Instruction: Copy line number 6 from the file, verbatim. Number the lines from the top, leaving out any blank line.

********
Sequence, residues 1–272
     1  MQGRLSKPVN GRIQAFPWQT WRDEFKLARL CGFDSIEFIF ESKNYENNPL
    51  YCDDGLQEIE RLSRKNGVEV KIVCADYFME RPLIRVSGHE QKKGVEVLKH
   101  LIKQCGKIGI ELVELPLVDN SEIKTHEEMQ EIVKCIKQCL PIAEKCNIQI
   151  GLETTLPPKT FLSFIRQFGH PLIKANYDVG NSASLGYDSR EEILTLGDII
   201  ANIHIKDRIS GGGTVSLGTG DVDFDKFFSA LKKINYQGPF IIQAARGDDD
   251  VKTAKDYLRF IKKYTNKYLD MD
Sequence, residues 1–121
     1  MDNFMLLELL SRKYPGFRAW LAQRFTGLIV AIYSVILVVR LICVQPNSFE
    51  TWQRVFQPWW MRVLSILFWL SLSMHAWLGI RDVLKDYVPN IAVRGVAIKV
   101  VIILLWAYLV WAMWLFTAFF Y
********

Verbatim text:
   201  ANIHIKDRIS GGGTVSLGTG DVDFDKFFSA LKKINYQGPF IIQAARGDDD